There are seven edit pages available in program edit mode. They can be stepped through using the increment/decrement buttons, or by pressing the appropriately numbered bank button. There is an impressive range of editing functions available, but not a superfluity - every function is there for a useful and sonically effective purpose. A nice touch is that when you leave any page for another, the cursor position is remembered, so that you return to where you left off when you come back to a particular page.
One element that deserves a special mention is the filter. Some synth and sampler filters work, but don't achieve an awful lot. In the old days of analogue synthesis the Minimoog was famous, with just cause, for its filter because it was simply more effective than those provided by other manufacturers. The T2's filter is very good indeed. As the cutoff frequency is lowered from its maximum, you really hear the sound change, never for the worse but always to something different and interesting. I like it so much I wish mixing console manufacturers would take a look and apply something similar to their high frequency EQ controls.
Combinations are basically layered programs. Layered, that is, up to the maximum of the 16 voices of which the T2 is capable. (There is a MIDI overflow mode by which excess notes can be passed on to another instrument, if necessary). Combinations are multitimbral, the individual program sounds being controlled, if desired, by separate MIDI channels.
But the T2 is not limited to controlling its own voices in Combination mode. It can take direct charge of up to eight MIDI channels externally. One channel might be controlling a stack of eight T2 internal programs, the other seven might be controlling totally separate MIDI keyboards or expander modules.
Combination mode has two pages before you even get into editing. The first page displays and controls the program numbers - any mixture of banks A and B - and their levels. The second page is for controlling program changes and levels of external synths. Combination editing covers the fine details of each program: tuning, velocity and aftertouch sensitivity, key range, velocity window, and more. Rather than being a simple way of playing two or more sounds at the same time, Combination mode is complex enough almost to be synthesis in its own right, but starting with complex sound sources.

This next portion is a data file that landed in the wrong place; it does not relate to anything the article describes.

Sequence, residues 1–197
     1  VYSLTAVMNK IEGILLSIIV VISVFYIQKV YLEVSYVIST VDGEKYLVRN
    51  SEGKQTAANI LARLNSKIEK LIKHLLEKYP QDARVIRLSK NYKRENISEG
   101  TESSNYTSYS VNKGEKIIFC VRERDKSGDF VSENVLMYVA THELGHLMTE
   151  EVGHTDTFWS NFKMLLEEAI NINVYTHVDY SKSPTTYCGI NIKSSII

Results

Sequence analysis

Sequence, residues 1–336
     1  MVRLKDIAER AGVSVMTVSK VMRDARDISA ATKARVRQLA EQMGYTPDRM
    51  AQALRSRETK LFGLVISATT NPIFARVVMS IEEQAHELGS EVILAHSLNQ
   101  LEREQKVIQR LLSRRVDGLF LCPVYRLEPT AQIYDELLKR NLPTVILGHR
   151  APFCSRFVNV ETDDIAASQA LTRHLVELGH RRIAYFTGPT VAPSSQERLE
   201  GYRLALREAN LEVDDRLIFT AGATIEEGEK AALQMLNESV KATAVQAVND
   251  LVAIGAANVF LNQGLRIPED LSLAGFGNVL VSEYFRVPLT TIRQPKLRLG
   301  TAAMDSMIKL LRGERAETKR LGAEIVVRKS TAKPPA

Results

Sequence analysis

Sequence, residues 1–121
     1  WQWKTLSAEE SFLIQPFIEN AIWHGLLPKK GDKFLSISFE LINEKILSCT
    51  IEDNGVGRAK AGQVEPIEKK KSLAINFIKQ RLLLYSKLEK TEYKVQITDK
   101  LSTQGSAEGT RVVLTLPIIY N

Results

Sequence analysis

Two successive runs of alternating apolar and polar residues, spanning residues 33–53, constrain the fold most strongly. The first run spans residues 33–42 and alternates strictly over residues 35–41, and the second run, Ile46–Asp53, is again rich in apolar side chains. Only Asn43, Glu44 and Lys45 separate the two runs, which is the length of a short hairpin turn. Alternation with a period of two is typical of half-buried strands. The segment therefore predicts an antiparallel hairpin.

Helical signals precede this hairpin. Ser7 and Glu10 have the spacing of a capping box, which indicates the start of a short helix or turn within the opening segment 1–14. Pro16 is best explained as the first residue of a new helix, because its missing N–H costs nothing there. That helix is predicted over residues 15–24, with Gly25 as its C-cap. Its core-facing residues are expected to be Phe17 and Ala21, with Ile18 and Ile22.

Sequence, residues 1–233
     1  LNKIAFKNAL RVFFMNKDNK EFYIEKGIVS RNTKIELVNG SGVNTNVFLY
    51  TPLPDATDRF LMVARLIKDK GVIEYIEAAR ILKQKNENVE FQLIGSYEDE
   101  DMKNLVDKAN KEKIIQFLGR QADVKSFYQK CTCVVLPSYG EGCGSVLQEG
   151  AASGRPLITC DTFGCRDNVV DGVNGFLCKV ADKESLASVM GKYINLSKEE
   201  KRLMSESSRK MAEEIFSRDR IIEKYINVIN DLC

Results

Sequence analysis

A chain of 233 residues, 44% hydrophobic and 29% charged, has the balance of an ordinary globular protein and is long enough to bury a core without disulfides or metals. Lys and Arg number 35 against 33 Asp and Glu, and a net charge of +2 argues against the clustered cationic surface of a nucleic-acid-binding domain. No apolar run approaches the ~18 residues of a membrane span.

One program element that doesn't get passed on with each program when used in Combination mode, by the way, is the effects setting. Having a separate effects unit for each of eight programs might be nice, but not really practical. The effects unit is therefore applied to the Combination as a whole, and programmable for each individual Combination.
The Korg T2 is a very powerful instrument. Particularly so when the bonus of a 50,000 event 8-track sequencer is added. As indicated in a separate panel, the on-board sequencer is quite capable of standing on its own two feet and giving a good level of service. I wouldn't swap it for my own favourite sequencer for ease of operation, but it can do a workmanlike job of controlling the T2 and other connected synths.
As it stands, the T2 can be seen as a very high quality synth with sampled sound sources, looking on the sequencer as a bonus. The sound quality is excellent, the keyboard is excellent, and so are the program and Combination editing facilities. There is also plenty of memory space, and convenient program and sequence storage on floppy disk.
If I had a complaint, it would be that Korg have not taken the professional angle quite far enough. A couple of handles and larger, flatter buttons might mar the designer looks slightly, but it's the music we care about and increased user convenience equates, in the end, to better music.
When the optional one megabyte RAM card is available, it will transform the T2 from a good sounding instrument with one set of samples into an instrument with a potentially unlimited range of sound sources. And if we are provided with raw material on disk of the quality level that already exists in ROM, then we are in for a treat. And if MIDI sample dumps into the RAM card will be feasible, as it appears from the manual, then even better.
In short, if the Korg M1 was anyone's candidate for the number one synth, the T2 must now be top dog (aside from the T1, of course!). With the optional RAM card fitted, it could well be the professional's keyboard of choice.
£2999 inc VAT.
Korg UK Ltd, (Contact Details).